Hudson isn't any savior and may be done as a good pitcher(short guy). You fall for it so easy.
I just don't see it from the Braves' perspective. Trading Hudson and Laroche for minimal immediate help (they've already brought in some help for the bullpen) is a declaration that they're going to punt 2007 and use Bailey as the centerpiece of a retooling, and I don't think they're in that mindset.
As for our perspective, it's a net win on talent for us in the short term, even if Hudson is just average. The question is whether the timeframes of the players involved match where we are on the success cycle, and whether they influence that cycle enough to matter. That, I'm not so sure about. It's definitely a win-now move, but if it's not going to get us very far down the road to Serious World Series Contender, I might rather have Bailey's six cheap years.
I freely admit that I'm among the Bailey kool-aid drinkers also. The old adage "There Is No Such Thing As A Pitching Prospect" suggests that a team is better off dealing potential for proven performance. But if you follow that unfailingly, you'll never have good young pitching in the majors, which means you'll be paying full fare for your entire rotation. If the team can't afford to do that -- and most can't -- then sometimes you need to roll the dice on potential. Bailey's a guy I'm willing to roll on.
Sooner or later, it always comes down to a GM's ability to separate the jewels from the trading chips.
Not all who wander are lost
So here's why the proposed trade is a non-starter IMHO. It addresses two needs by trading/blocking in house solutions (Homer/Votto) that are cheaper with more upside than the two options that would come in return. Basically LaRoche projects as a league average first baseman (.282/.358/.483) who is valuable because he's cheap but who is going to get much more expensive during his approaching arb eligible years. Hudson is intriguing but very expensive as his contract is back loaded. He is going to get very expensive beyond next year-without a guarantee he will give you innings (he'll be 32 next season and his contract goes through what should be his decline years). Finally, first base is the easiest position on the field to solve via replacement level guys. Last year essentially supports this notion as the Reds got by pretty well from squeezing blood from the turnips at firstbase last season.... Signing C. Wilson does enough to address the Reds need at first for '07 to satisfy me and it doesn't require giving up anything potentially useful....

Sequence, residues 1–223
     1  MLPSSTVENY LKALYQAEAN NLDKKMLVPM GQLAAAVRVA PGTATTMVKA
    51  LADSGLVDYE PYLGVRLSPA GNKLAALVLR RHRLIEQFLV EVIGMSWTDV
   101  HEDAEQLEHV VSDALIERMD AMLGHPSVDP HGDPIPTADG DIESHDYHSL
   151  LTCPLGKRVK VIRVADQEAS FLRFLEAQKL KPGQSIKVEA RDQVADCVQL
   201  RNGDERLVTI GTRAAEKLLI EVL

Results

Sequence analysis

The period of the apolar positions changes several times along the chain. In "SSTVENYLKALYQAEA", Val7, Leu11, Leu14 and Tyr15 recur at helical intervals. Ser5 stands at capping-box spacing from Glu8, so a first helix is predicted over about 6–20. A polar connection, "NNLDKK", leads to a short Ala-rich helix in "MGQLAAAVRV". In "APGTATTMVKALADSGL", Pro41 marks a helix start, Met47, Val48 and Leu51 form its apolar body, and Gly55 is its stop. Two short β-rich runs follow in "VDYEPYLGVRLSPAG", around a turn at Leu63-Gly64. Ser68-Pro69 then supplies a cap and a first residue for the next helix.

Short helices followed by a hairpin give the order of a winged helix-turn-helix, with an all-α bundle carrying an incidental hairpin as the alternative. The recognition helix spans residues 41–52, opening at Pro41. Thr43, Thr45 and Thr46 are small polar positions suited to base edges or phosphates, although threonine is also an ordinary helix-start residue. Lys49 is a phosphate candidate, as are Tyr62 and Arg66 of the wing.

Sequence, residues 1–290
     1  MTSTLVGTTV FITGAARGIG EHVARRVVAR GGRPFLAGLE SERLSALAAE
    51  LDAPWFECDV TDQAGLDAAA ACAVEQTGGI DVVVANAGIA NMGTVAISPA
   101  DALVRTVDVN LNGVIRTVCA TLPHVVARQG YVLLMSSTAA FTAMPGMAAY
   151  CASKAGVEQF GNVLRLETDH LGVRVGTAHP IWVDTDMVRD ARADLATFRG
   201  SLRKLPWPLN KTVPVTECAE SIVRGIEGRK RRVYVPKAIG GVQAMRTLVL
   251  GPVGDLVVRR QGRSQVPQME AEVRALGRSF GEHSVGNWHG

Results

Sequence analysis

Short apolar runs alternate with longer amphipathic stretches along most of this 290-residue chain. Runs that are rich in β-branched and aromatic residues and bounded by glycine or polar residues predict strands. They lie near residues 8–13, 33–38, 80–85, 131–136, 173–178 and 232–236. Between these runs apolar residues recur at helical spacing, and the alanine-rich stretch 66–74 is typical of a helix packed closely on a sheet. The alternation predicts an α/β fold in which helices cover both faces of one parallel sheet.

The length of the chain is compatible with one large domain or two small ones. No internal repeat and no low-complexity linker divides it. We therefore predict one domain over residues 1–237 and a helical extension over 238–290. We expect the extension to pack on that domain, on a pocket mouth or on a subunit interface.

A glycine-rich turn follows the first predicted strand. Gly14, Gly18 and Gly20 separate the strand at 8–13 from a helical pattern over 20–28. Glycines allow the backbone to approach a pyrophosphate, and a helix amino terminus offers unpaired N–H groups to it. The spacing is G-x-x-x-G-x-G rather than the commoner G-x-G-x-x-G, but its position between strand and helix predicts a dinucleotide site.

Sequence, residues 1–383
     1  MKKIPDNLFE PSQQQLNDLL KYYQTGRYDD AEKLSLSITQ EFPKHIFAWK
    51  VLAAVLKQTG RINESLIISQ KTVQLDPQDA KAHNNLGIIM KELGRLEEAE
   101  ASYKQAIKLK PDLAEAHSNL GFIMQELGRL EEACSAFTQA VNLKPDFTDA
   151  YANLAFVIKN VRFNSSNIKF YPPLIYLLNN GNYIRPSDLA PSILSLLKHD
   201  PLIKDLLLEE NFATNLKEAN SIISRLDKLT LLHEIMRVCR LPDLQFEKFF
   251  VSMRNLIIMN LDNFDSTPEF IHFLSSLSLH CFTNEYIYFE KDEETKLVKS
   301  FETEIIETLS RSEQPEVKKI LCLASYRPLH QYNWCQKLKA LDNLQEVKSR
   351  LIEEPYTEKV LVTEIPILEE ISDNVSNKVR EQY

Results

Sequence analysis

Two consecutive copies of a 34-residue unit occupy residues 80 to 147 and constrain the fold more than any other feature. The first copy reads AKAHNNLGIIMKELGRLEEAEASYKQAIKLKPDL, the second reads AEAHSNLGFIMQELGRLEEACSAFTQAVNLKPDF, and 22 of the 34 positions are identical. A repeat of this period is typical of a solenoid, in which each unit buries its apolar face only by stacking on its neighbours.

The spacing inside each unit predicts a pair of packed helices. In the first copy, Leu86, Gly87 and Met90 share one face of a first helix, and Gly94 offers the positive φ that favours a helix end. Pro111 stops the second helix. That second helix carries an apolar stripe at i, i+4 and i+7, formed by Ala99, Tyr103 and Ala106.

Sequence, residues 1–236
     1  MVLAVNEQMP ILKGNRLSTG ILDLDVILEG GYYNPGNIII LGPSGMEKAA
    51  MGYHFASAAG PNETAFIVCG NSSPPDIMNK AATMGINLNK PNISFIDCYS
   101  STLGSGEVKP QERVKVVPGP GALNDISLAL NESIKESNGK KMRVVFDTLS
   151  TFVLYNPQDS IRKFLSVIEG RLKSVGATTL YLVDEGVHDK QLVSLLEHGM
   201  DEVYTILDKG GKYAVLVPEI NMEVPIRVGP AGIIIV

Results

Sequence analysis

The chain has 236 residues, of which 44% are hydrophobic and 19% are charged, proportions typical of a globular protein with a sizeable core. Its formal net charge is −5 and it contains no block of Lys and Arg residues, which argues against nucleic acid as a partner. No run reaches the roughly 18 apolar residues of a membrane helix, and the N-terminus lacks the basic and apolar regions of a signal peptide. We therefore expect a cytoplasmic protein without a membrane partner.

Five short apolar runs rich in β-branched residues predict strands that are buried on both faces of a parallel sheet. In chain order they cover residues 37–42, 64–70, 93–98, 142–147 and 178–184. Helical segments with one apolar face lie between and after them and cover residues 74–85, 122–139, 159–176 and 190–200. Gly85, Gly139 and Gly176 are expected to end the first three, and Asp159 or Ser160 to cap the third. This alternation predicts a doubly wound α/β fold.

Now, all of that being said, the in-house solutions aren't going to be automatic ones for '07 so I understand the downside. Basically Votto has only become a bona fide prospect because he had a break out season (.319/.408/.547) last year in a traditionally pitcher dominant league. Basically he still has things to prove and probably is not ready to make the jump in '07. Krivsky's statements about Homer needing seasoning in AAA basically is lip service, I think, because there is a lack of consensus within the organisation regarding Homer's command. They are basically hedging their bets. He's probably going to be on the 25 man roster no later than August.
So IMHO, I'd frame this particular proposal as: "would you rather trade cheap/in-house but win tomorrow for expensive and try to win now?". I'd prefer the in-house for these two particular needs.
Anyway, thats the world according to me for what its worth....
Last edited by jojo; 12-17-2006 at 09:07 PM.
Bad time to get Hudson, bad time to trade Bailey.
Small market teams don't get better trading players like Bailey for players like Hudson. It's the other way around.
10:$12M mutual option
To me the issues with him are completely related to injury risk and payroll. If he's healthy and back to normal, he is projected by Pecota (they're pretty good with pitchers) to be a solid guy through his contract years. He's not the dominant guy of his early years in Oakland but he is still an extreme groundball pitcher with very solid stuff that should translate well in GABP IMHO.... Its all money and risk though...
1) Bailey = Savior (at least for now, I'm afraid he might turn into a Josh Beckett).
2) Salty is coming off a horrible year and has much to prove to come back and become the player everyone thought he was going to be last year.
3) I think Bailey will be a better pitcher than Hudson when he comes up to stay (probably not this year, but the next) and will be cheaper and stay longer.
I'll take my chances on Homer Bailey. Fifteen years from now I'd hate to see John Smoltz acquired for Doyle Alexander comments as Bailey becomes a long time star in Atlanta.